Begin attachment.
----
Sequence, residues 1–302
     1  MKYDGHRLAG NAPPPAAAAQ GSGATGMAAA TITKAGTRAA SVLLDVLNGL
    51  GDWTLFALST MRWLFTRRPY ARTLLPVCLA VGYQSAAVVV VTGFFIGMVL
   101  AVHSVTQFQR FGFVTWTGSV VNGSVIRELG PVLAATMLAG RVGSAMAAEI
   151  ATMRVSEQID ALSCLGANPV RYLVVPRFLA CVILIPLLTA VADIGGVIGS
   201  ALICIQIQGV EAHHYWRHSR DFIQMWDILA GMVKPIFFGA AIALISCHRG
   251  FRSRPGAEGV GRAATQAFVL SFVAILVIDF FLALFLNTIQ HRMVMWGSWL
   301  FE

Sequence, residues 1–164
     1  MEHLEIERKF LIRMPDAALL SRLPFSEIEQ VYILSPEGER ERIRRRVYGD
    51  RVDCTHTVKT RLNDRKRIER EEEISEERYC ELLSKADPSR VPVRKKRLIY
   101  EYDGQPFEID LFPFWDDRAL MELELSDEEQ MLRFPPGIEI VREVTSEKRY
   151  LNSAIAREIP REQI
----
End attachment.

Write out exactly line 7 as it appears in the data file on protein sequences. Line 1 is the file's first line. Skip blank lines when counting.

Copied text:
   251  FRSRPGAEGV GRAATQAFVL SFVAILVIDF FLALFLNTIQ HRMVMWGSWL